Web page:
In this case you could use the same set up I described in the earlier post.

I’m sure all this leads to more questions or even confusion. If so, feel free to ask me any other question you might have.

Sorry for any typos.
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Tim Spyers, Photographer
St Louis | MO | USA | Posted: 9:14 AM on 04.17.14
->> For all the 1DX with Pocket Wizard shooters, I was thinking about how to keep the master PW in the hot shoe of the 1DX but not always trigger the remote. I ended up enabling Custom Shooting mode C1 with all the same shooting parameters (auto update 'on') as my normal mode with one exception, External Flash 'Disabled'. Now with MFN-1 set to cycle custom shooting modes and shooting modes restricted to C1 (no C2 or C3) I now have a simple toggle that allows me to "turn on/off" the master PW and thereby the remote camera. Works in testing, have to try it out in real life later this week. Just thought I'd share.
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Patrick Murphy-Racey, Photographer
Knoxville | TN | USA | Posted: 1:49 PM on 04.26.14
->> http://www.amazon.com/Pixel-Digital-Wireless-Shutter-Fujifilm/dp/B0049H15P4...+remote+for+nikon

Call me crazy but I have found these work better than the PW stuff for firing remotes from across court. Somehow the PW gear (multimax, III's, II's, etc) doesn't like to fire across court very well. I bought a set of these on a whim a few years ago and they work great. Also, the transmitter tapes easily onto a lens without needing a separate remote trigger cord that adds another place to fail in the system. It also gives you a pre-trigger (green light) and when you press all the way (red light) it shoots every time.

I'm learning in the last year that there is much more to life than the brands like Canon and Nikon that we've all been using for years. It's also true with remote gear. The Chinese are cranking out some great stuff and a lot of it works as well or even better than what we are used to and costs a whole lot less...

At $22 for the entire system which includes the 10-pin remote socket cord for your D series Nikon, you can't even buy that cord alone for a PW!!!

Don't believe me? Here is just the cord from PW for $30! :
http://www.amazon.com/PocketWizard-N90N-AC-ND-Nikon-Pre-Trigger-Cable/dp/B0...+wizard+cord+for+nikon
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Preston Mack, Photographer
Orlando | FL | | Posted: 10:21 PM on 04.26.14
->> Wow. Shawn is amazing, Wish he lived here in FL. Thanks for all the detail.
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Robert Hanashiro, Photographer
Los Angeles | CA | | Posted: 12:41 AM on 04.27.14
->> Yes, Shawn Cullen is THE guru in all-things remote!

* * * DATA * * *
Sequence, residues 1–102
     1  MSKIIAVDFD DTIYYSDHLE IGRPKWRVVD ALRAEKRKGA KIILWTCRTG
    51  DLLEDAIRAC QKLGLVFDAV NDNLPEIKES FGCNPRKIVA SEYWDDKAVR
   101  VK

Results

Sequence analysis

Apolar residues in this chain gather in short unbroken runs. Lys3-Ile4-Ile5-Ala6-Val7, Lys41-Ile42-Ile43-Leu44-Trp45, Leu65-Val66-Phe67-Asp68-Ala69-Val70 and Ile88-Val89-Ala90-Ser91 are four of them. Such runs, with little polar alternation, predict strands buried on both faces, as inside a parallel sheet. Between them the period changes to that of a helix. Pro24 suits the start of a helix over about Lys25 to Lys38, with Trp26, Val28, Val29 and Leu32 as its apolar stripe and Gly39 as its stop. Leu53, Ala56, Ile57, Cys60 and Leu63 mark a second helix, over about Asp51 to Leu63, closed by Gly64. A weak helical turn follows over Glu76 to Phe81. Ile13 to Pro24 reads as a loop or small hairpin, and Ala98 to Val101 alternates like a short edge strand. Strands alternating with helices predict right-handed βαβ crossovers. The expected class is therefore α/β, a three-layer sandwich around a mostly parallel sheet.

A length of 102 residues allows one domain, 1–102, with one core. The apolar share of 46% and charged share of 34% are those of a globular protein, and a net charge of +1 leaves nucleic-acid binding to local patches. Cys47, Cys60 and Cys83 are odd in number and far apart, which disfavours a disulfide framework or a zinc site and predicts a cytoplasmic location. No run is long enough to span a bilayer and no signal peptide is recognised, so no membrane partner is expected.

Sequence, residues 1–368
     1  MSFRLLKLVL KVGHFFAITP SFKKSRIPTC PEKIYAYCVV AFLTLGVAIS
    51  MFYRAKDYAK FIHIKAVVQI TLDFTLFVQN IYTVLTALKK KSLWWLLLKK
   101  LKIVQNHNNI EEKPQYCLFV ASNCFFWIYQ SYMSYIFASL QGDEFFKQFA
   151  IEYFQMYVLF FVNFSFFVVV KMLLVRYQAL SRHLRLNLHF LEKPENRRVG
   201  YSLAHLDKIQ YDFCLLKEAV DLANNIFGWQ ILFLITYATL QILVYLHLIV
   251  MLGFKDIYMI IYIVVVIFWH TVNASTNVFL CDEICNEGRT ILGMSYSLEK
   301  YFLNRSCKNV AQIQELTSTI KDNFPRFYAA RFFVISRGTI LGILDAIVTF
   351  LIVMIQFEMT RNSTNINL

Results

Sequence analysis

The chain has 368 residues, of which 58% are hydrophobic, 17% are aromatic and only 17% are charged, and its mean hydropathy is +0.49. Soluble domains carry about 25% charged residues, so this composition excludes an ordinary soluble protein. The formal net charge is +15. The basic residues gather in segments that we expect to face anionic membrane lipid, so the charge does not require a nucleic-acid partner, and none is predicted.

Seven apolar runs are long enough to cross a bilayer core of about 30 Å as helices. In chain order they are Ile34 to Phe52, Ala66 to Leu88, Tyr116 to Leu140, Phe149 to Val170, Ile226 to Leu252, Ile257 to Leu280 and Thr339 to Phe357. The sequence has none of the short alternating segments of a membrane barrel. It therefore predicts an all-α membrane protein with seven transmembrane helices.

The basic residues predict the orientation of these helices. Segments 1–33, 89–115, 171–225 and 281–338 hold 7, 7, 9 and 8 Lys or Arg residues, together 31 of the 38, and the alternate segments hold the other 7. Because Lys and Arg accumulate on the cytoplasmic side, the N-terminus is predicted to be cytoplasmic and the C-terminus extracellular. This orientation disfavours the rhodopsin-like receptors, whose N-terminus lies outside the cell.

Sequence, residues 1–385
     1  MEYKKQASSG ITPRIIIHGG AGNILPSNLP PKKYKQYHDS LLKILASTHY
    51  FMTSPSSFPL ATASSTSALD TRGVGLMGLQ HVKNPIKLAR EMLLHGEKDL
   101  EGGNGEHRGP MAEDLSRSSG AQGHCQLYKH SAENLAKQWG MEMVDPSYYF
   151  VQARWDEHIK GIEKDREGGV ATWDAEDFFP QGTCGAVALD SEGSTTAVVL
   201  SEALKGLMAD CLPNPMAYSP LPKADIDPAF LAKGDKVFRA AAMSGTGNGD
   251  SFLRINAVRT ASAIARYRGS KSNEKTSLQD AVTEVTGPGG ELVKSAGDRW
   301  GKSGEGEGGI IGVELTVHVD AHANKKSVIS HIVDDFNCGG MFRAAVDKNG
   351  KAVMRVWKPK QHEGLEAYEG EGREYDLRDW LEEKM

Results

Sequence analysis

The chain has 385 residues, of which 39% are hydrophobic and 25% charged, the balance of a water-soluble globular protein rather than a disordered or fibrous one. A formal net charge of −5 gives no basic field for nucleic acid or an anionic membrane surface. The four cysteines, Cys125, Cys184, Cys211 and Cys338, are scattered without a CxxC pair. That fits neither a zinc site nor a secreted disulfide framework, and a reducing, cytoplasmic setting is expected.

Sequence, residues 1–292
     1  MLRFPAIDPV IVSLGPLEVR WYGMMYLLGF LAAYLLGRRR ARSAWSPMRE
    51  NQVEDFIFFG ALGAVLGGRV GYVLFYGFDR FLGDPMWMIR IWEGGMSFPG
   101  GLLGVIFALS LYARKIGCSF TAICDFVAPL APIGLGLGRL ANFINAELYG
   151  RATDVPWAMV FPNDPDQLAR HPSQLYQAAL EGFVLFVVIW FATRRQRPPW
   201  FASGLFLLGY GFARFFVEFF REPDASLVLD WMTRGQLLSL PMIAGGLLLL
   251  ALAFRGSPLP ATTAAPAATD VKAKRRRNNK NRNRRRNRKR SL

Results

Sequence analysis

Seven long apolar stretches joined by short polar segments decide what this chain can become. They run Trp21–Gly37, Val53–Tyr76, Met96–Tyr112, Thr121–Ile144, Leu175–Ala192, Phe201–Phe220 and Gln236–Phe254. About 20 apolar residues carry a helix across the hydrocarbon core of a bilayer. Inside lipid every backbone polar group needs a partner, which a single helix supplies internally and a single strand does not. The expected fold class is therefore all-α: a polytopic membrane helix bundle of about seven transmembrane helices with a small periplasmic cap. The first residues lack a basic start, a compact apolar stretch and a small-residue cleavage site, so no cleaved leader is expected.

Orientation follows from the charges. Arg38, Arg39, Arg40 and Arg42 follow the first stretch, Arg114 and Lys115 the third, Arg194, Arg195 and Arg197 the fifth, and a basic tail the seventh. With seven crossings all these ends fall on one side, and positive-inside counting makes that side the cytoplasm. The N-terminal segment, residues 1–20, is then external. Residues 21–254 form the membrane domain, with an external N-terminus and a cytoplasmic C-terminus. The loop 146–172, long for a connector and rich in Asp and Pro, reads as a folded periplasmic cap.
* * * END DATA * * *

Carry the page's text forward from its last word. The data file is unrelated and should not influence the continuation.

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Shawn Cullen, Assistant
San Diego | CA | | Posted: 1:04 PM on 04.27.14
->> Mr. Murphy-Racey,

You are a great photographer, and have an incredible amount of knowledge in photography and lighting. However, in this case, you are crazy.

Thanks for giving us another option to think about, but I will be sticking with the Pocket Wizard brand.
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Patrick Murphy-Racey, Photographer
Knoxville | TN | USA | Posted: 9:24 PM on 04.28.14
->> :) I stand by my earlier post. pm-r
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Stanley Leary, Photographer
Roswell | GA | USA | Posted: 7:54 AM on 04.30.14
->> Like Patrick Murphy-Racey I too had trouble with the PW system. I own it and use it a lot, but like Patrick said there are many times the system just doesn't work. So he isn't crazy, he just is telling you in the situations he is shooting the PW system failed for remotes.

I had problem with the PW system working for strobes and went to the Paul Bluff system, which was more consistent than the PW.

I think what needs to be stated here on this forum is the big brand names in the industry are not the best solution every time.

If you are new I recommend always going with the tried and true systems, but those with some experience like Patrick are the ones looking for solutions when those name brands fail.

As far as a complete system that does more than just trigger your flash and/or cameras the PW system is the best thought out system.

However, I would predict that we are quickly going to see other systems soon that unless PW solves some of their signal problems without you having to buy extra gear then they may loose traction, which I think they already have lost.
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Shawn Cullen, Assistant
San Diego | CA | | Posted: 1:59 PM on 04.30.14
->> Mr. Leary,